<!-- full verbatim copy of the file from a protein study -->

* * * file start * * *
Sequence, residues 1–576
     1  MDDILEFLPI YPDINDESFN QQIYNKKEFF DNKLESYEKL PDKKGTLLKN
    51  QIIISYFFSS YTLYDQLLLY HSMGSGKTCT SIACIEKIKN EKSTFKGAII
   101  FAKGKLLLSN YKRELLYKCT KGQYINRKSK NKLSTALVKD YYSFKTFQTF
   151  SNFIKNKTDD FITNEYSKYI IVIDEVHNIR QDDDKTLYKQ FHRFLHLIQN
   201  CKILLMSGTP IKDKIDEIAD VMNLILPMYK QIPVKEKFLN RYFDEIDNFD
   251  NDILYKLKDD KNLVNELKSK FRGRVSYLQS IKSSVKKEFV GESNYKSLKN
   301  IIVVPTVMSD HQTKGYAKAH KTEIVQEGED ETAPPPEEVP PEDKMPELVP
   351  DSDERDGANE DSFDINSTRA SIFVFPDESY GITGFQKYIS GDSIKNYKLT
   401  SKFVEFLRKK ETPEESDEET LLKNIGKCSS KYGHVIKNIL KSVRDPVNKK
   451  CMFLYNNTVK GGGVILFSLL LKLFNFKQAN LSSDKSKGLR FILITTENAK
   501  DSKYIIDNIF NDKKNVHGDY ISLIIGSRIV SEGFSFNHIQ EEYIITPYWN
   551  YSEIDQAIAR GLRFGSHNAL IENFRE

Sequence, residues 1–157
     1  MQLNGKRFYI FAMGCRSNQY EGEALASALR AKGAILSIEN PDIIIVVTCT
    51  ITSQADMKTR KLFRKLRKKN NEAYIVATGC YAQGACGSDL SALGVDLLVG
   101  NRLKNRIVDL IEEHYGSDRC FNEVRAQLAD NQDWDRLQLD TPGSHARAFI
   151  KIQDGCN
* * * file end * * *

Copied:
Sequence, residues 1–576
     1  MDDILEFLPI YPDINDESFN QQIYNKKEFF DNKLESYEKL PDKKGTLLKN
    51  QIIISYFFSS YTLYDQLLLY HSMGSGKTCT SIACIEKIKN EKSTFKGAII
   101  FAKGKLLLSN YKRELLYKCT KGQYINRKSK NKLSTALVKD YYSFKTFQTF
   151  SNFIKNKTDD FITNEYSKYI IVIDEVHNIR QDDDKTLYKQ FHRFLHLIQN
   201  CKILLMSGTP IKDKIDEIAD VMNLILPMYK QIPVKEKFLN RYFDEIDNFD
   251  NDILYKLKDD KNLVNELKSK FRGRVSYLQS IKSSVKKEFV GESNYKSLKN
   301  IIVVPTVMSD HQTKGYAKAH KTEIVQEGED ETAPPPEEVP PEDKMPELVP
   351  DSDERDGANE DSFDINSTRA SIFVFPDESY GITGFQKYIS GDSIKNYKLT
   401  SKFVEFLRKK ETPEESDEET LLKNIGKCSS KYGHVIKNIL KSVRDPVNKK
   451  CMFLYNNTVK GGGVILFSLL LKLFNFKQAN LSSDKSKGLR FILITTENAK
   501  DSKYIIDNIF NDKKNVHGDY ISLIIGSRIV SEGFSFNHIQ EEYIITPYWN
   551  YSEIDQAIAR GLRFGSHNAL IENFRE

Sequence, residues 1–157
     1  MQLNGKRFYI FAMGCRSNQY EGEALASALR AKGAILSIEN PDIIIVVTCT
    51  ITSQADMKTR KLFRKLRKKN NEAYIVATGC YAQGACGSDL SALGVDLLVG
   101  NRLKNRIVDL IEEHYGSDRC FNEVRAQLAD NQDWDRLQLD TPGSHARAFI
   151  KIQDGCN